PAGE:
Cities legally consist of a determined number of parcels of land, although they can barely be described as one entity (1). The city border has lost its visibility in the experience of the citizen, but it binds plots legally together and offer the owners equal privileges. Initially, the size of the plots shaped the scale of the city. Small plots resulted in a small grained built fabric, such as the old town, while big plots allowed for large scale developments, such as cooperative owner structures in the beginning of the 20th century. (2) Transforming today’s cities make invisible property lines visible again. Your neighbor’s new construction project might reveal the relationship of property (3) and the material presence of your neighborhood. But property and built fabric are not necessarily coherent anymore, unfolding the fragmentary character of the city.
The fragment as a concept of the aesthetic discourse in the romantic period allows us to differentiate our understanding of transforming the city’s fabric. Friedrich Hölderlin states in Hyperion: “Der Künstler ergänzt den Torso sich leicht”. The fragment provokes the imaginary whole in our minds. Consequently, the fragment per se implies the existence of a whole – as a beginning or a remnant.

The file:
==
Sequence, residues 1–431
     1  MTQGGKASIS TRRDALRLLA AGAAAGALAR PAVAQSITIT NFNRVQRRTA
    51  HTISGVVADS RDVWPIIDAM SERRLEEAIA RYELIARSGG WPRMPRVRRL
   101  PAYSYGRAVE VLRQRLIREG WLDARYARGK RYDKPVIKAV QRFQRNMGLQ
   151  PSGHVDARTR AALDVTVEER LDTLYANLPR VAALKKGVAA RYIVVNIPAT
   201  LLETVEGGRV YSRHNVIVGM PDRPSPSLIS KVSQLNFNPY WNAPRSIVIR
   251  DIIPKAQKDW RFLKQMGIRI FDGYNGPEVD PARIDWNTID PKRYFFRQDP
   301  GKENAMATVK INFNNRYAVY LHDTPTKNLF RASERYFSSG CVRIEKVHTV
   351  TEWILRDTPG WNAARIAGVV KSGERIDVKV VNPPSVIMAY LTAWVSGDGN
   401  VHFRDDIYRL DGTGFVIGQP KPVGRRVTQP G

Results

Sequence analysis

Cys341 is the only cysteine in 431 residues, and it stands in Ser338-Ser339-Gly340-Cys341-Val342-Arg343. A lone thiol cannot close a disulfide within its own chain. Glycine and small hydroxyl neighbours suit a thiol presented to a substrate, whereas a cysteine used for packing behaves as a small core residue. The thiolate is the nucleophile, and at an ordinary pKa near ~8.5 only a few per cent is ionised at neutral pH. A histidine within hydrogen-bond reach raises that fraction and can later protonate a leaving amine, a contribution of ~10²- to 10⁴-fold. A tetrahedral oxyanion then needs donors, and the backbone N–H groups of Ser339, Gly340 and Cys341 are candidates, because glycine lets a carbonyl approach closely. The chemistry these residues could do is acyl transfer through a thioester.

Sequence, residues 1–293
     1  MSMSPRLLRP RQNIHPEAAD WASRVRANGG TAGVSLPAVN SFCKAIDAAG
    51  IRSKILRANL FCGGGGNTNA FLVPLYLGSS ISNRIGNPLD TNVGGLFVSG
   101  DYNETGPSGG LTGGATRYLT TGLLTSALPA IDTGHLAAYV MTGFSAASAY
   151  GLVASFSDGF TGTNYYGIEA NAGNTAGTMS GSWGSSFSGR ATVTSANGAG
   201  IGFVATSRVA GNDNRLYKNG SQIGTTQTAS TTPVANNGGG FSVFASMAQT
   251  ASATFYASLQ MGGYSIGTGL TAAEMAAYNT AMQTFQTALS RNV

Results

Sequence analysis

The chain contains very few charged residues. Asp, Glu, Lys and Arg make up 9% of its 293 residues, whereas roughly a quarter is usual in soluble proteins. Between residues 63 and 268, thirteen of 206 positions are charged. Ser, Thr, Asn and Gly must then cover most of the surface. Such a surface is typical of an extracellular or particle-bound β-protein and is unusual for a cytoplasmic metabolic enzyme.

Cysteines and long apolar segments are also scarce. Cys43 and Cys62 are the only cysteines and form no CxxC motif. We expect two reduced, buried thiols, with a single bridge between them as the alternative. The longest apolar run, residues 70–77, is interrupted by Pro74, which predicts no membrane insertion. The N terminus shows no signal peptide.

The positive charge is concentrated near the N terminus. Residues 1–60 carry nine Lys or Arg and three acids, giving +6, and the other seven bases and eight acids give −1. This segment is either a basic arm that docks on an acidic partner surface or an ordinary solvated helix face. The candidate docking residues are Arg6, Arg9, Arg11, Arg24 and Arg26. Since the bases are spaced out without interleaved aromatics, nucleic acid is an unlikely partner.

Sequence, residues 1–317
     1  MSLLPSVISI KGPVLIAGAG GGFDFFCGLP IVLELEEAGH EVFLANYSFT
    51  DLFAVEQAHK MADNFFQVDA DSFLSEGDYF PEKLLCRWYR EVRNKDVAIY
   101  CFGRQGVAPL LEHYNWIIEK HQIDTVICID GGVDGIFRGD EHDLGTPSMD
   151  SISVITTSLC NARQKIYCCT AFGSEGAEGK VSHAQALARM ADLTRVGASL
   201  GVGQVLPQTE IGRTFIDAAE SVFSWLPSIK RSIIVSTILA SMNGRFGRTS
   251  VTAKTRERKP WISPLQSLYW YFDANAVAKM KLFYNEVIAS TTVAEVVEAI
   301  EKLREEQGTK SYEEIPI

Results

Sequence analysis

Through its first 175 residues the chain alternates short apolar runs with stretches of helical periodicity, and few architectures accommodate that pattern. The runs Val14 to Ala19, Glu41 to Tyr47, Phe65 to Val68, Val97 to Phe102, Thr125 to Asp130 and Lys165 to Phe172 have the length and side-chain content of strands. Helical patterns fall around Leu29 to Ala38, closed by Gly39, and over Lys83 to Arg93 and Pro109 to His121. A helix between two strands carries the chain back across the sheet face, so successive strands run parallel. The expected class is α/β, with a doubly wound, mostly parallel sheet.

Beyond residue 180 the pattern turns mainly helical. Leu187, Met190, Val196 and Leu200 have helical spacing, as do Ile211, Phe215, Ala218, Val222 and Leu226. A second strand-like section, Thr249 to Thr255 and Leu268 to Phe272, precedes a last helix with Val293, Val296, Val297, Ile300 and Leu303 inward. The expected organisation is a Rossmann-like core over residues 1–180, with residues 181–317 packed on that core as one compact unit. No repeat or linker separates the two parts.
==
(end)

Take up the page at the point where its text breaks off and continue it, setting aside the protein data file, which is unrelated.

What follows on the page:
Juxtaposing this concept with the development of Zurich in the last 20 years, it is surprising to see that the aesthetic quality of the fragment has not found real acceptance yet. While many development projects unintentionally produced fragments, projects such as Richti Areal or Limmatfeld were intended as coherent unities – but only within themselves. Using the metaphor of a torso, they implemented a full body at the scale of a torso’s missing hand.
In recent years, these developments have been highly criticized as “Inselurbanismus”, relating these projects through their typology to social and economic tendencies of segregation. (5) Critics argued, that the typological continuity of the city’s progression had been interrupted. The metaphor of an island, which Ungers introduced to restructure the urban fabric of a shrinking city in the 1970s, is - in the case of Zurich as a prospering city - being used as a critique.
It seems to be the case, that by stressing the coherence of a development, the fragmentary character of it increases. On the contrary, aiming for a fragmentary development from the start might strengthen the city as a whole.
Having this in mind, what would happen if we would value the potential of fragmented urban space? Could the metaphor of a torso might help us to free ourselves from the schizophrenic desires of coherency from the last 20 years and strengthen our cities an entity?